Katja Sass

It’s 9.45 pm. Everyone’s gone except a 30-something woman sitting alone in her 2m2 office cubicle, finishing off the last of the audits in time for the 9.45 am meeting tomorrow. She closes the folder and places it on top of the other folders, smiles at the mountain of completed work.

She switches off the small desk lamp and sits in peaceful darkness. When her phone glows, she leans over to check the caller ID. Just as she did in her childhood calculating the proximity of a thunderstorm, she counts one-one thousand, two-one thousand, until the initial light of the caller is followed by the dull thud of a voicemail alert.

“Lydia, sweetie, it’s your mother.” Then muffled, awkward, “no -it’s just her bloody voicemail…I know…I always think she’s picked up at first…” before returning to the message: “Just wanted to say happy birthday. I was so hoping to see you today. It’s a long time since we last saw you and it’s already 6 years since…” Her voice quietens like a dimming light, “I just hope you haven’t forgotten us.”

She hasn’t forgotten, despite years of trying.

Happy birthday, Lydia.

The small, tinny, speaker starts playing inconsequential chatter, people laughing, chinking glasses. One of the voices shushes the others. Then the lights go up, row by row of overhead industrial bulbs, and the room is suddenly full of family, friends, ex-boyfriends, the living and dead.

“SURPRISE!”  The sound of tinned laughter and delight comes from the speaker, while the hordes, whose weddings, birthdays and funerals she’s missed in the last 15 years, stand motionless looking at her, not smiling, just watching.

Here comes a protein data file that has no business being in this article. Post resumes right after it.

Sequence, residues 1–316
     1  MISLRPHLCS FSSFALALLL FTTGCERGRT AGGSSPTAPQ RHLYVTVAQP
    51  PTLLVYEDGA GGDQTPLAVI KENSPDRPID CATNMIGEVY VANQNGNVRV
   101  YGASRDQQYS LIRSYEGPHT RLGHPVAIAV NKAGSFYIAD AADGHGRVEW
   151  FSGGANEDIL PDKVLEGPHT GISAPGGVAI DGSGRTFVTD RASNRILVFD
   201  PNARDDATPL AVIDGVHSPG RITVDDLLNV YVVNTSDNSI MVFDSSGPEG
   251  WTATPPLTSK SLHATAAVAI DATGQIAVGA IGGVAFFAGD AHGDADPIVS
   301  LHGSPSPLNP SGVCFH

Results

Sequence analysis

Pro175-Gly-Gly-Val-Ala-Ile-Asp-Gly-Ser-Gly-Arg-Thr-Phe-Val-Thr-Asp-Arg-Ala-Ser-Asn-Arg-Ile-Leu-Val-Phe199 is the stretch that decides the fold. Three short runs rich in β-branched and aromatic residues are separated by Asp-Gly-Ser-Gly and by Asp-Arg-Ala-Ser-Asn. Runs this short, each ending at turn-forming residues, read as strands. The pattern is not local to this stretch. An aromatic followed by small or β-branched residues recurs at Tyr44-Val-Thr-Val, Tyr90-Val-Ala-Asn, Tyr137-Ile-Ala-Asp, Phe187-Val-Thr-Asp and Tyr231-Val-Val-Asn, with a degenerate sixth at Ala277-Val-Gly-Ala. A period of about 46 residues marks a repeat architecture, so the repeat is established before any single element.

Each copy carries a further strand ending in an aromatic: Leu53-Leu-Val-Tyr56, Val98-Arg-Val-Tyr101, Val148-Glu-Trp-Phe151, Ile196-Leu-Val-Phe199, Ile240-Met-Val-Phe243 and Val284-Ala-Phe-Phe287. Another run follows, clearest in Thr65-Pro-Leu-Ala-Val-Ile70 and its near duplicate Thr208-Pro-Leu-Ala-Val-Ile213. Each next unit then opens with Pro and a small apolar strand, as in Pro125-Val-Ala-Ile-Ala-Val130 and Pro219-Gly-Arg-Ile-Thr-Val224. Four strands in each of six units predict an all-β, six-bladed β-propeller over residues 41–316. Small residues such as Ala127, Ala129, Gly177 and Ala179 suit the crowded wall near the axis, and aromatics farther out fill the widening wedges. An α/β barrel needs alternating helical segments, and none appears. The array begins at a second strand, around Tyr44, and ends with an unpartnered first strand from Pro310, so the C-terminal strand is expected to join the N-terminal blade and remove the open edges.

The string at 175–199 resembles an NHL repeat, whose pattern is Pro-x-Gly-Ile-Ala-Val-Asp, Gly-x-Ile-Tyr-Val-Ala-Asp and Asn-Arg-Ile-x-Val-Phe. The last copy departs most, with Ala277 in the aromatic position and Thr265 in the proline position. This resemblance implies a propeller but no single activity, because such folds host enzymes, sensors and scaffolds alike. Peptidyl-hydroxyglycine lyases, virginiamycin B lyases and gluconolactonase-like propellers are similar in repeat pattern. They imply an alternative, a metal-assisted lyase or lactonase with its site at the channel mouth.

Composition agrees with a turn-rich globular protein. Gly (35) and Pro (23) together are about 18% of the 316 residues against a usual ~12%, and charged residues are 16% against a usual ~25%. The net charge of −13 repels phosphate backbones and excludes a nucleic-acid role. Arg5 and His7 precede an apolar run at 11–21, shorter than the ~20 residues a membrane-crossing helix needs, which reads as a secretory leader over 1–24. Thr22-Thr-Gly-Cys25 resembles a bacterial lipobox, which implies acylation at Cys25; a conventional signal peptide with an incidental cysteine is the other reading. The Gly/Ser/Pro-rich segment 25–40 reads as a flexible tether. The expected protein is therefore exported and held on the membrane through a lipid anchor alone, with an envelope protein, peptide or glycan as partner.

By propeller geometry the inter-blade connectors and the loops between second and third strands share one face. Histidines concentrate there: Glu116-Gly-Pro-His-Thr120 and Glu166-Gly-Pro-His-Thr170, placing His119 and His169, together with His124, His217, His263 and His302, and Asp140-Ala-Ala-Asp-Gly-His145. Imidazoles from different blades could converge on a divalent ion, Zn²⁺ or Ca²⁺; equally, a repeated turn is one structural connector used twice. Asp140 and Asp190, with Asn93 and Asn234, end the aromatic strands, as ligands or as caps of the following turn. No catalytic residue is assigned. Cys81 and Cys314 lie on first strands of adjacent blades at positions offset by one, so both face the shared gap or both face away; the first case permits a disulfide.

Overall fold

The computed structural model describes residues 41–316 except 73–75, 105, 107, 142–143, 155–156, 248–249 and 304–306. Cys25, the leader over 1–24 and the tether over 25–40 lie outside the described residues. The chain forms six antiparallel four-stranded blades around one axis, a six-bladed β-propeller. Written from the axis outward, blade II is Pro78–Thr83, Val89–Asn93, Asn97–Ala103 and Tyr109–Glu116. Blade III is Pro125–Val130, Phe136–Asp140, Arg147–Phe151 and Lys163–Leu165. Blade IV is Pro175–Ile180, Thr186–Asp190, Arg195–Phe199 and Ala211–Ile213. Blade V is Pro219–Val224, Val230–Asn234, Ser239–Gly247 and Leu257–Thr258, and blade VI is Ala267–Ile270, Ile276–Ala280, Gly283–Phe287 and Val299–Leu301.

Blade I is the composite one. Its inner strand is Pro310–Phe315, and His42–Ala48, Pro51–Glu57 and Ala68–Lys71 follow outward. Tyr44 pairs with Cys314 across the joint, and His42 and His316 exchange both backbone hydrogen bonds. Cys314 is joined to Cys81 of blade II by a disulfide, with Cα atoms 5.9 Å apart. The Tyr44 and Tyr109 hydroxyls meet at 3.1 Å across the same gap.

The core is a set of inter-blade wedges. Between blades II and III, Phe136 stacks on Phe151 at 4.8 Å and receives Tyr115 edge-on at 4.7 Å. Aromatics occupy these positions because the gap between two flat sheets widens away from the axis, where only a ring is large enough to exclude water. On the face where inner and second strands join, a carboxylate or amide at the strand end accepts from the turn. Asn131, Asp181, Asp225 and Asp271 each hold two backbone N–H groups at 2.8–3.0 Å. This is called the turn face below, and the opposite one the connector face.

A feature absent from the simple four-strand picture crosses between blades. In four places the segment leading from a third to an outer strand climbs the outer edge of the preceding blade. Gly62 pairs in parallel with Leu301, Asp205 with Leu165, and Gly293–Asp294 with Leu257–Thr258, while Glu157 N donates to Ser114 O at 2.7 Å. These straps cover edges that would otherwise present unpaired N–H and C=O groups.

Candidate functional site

Heart pounding, she presses ENGAGE, clasps her hands together, feigns surprise.

The guests begin telling stories about the birthday girl.

Grandad says she never made it to his funeral, dabs his mouth after he coughs, and the handkerchief turns dark red.

Sara says she didn’t call her back that day, the only day that mattered.

Mum rolls up her dress to show off a 47-stitch scar running across her abdomen: “they cut a hole in me to get the birthday girl out, and now she doesn’t even come for tea.”

Phil appears, sucking a small cube of pineapple from a cocktail stick, holding a present wrapped in unicorn paper.

The room snaps to black then theatrically and, after a pregnant pause from which you might expect a candlelit birthday cake to emerge, the surgeon walks in, masked, carrying a cake stand that bears a perfect left foot, two small hands, a punctured torso, half a face, mottled lips. The foetal parts lie carefully assembled, a half-finished jigsaw puzzle, a silver candle in the centre. Phil sings Happy Birthday; the other guests crowd round, urging Lydia to make the wish.

She tastes blood in her mouth and sinks to the ground, her legs giving way beneath her, snapping into weird angles like Sara’s did at the foot of the cliff. And now the pain, the wretched pain, as 47 stitches rip apart across her abdomen, tearing her womb open. 

“Why don’t you wish you’d put something else, someone else, first?” It seems such a simple, fair request from Phil; he never did have any other children.

She knows this moment so well; she’s lived it a dozen times. All she needs to do is blow out the candle, make that wish.

She reaches up and presses a red button by her ear. The party guests flicker, then they’re gone.

She throws down the headset, reaches out and turns off the power, sits for a moment on the gritty floor where she fell. 

From the CPU she pulls out the WORKAHOLIC programme her therapist made, a test of reflection she is yet to pass. She peels off the virtual reality body suit, gasping as the electrodes tear out.  She packs the suit back into its grey box, ties up the red ribbon ready for next year, then pulls out her chair, carefully removes a folder from the bottom of the pile, and begins to check the figures again before tomorrow’s meeting.

Katja Sass teaches philosophy and religion to teenagers in the UK, co-running a small, weekly writers’ club after school, during which she writes pieces of flash that occasionally get published. Her stories can be found at Lost Futures, in The Loop anthology, and most recently as 3rd prize winner at Reflex Fiction.